As the most important supplier of network infrastructure to enterprises, Cisco's NAC products are a natural point of curiosity for network managers. Unfortunately, though, Cisco's approach to NAC has been riddled with in-fighting, false starts, delayed product releases, and a good dose of chaos and confusion.
At the heart of Cisco's NAC problems were two separately developed and separately maintained products, completely incompatible yet solving the same problem for the same customers. During the several years it took Cisco to deal with the internecine warfare between these two product groups, customers have been dazed and confused as to which is best for them
The first NAC products came through the acquisition of Perfigo, a start-up that had developed a wireless access gateway during the days before widespread availability of WPA authentication and encryption. First called Cisco Clean Access, and recently renamed Cisco NAC Appliance, the product line evolved completely separately from Cisco's other network infrastructure products and has only the lightest integration with Cisco switching devices. Originally an in-line device that protected wireless and VPN links best, the Perfigo products were extended to include edge enforcement for wired enterprise networks based on Cisco switches.
While Perfigo's product line was racking up impressive sales, the switching and routing side of Cisco teamed with the Cisco Secure Access Control Server (a RADIUS and TACACS server) group to develop and market the Cisco NAC Framework, a NAC solution that includes modifications to Cisco switches and routers, the Cisco Trust Agent end-point client, and the ACS RADIUS server, which acts as a back end for both authentication and posture checking.
While the NAC Framework doesn't require 802.1X for authentication and posture checking, it does allow for 802.1X and is extremely similar, architecturally, to the NAC frameworks proposed by the Trusted Computing Group, Microsoft, and the IETF. (The Cisco Trust Agent includes some 802.1X technology through the acquisition of MeetingHouse Data Communications.)
Cisco sold the products in competition with each other during 2006 and 2007, until an internal truce between the two product groups was arranged and Cisco announced that the two product lines would somehow be combined into a single super-NAC product.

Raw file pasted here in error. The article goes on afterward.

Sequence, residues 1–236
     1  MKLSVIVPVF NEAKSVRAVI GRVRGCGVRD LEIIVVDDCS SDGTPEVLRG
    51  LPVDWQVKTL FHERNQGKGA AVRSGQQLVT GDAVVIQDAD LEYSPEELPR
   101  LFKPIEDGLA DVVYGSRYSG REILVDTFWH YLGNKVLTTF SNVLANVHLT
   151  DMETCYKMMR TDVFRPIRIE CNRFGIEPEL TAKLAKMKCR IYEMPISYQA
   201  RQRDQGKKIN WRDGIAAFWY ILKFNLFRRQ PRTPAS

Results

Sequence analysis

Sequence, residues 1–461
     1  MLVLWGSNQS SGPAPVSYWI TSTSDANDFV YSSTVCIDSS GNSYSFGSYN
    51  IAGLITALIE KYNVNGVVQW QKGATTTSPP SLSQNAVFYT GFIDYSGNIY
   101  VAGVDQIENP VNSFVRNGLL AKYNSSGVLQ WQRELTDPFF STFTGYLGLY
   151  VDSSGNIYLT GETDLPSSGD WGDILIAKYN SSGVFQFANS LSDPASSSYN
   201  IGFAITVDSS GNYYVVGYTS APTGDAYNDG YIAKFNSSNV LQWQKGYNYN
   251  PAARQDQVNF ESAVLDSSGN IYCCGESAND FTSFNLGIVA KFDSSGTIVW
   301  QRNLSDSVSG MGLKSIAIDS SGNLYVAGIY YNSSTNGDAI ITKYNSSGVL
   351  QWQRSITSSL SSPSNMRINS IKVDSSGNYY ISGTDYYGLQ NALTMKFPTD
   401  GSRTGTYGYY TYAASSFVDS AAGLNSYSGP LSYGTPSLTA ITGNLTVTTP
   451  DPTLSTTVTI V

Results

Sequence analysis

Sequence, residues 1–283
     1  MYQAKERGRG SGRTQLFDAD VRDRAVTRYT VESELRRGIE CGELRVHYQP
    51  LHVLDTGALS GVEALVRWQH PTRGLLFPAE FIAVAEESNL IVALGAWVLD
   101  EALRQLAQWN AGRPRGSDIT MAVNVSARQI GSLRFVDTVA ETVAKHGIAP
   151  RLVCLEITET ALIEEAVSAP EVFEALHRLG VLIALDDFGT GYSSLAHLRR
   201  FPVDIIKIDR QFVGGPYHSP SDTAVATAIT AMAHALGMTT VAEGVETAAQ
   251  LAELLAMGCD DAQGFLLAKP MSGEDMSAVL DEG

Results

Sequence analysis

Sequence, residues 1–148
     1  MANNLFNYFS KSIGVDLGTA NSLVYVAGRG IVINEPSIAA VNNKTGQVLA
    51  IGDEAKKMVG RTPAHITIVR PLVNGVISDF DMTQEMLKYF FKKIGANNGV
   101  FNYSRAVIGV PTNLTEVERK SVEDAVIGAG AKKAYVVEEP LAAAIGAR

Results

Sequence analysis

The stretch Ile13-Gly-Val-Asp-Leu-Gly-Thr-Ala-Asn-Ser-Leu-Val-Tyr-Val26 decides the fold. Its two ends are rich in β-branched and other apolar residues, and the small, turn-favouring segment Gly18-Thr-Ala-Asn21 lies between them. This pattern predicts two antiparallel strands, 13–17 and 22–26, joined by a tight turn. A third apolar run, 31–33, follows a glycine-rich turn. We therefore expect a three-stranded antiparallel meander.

Because of Cisco's marketing muscle and control of enterprise networks, third-party partners have been strong supporters of both of Cisco's NAC products, offering a variety of end-point security alternatives to Cisco's own Cisco Security Agent end-point security protection client. In 2006, Microsoft and Cisco also linked their NAC products during the development of Windows Server 2008, offering several integration scenarios that allow enterprises to easily mix Cisco and Microsoft clients and servers in both Cisco-centric and Microsoft-centric NAC deployments.
In the meanwhile, Cisco has released new versions of products in both their NAC Framework and NAC Appliance lines, but has reduced the volume and aggressiveness of their marketing efforts in NAC. (Cisco declined to actively participate in our head-to-head test of NAC products, but we tested them anyway.) Customers who approach Cisco for NAC solutions are being directed towards the NAC Appliance, so it is assumed by outside observers that the features of NAC Framework will be added to NAC Appliance.
Cisco hasn't given us a peek at their super-NAC product, or committed to a ship date. While Cisco remains enthusiastic about its ability to wow the world of NAC, smaller and more agile companies are bringing innovative solutions to the market — and cutting into Cisco's NAC business. If you need NAC now, you might not want to wait for Cisco to ship its super-NAC product.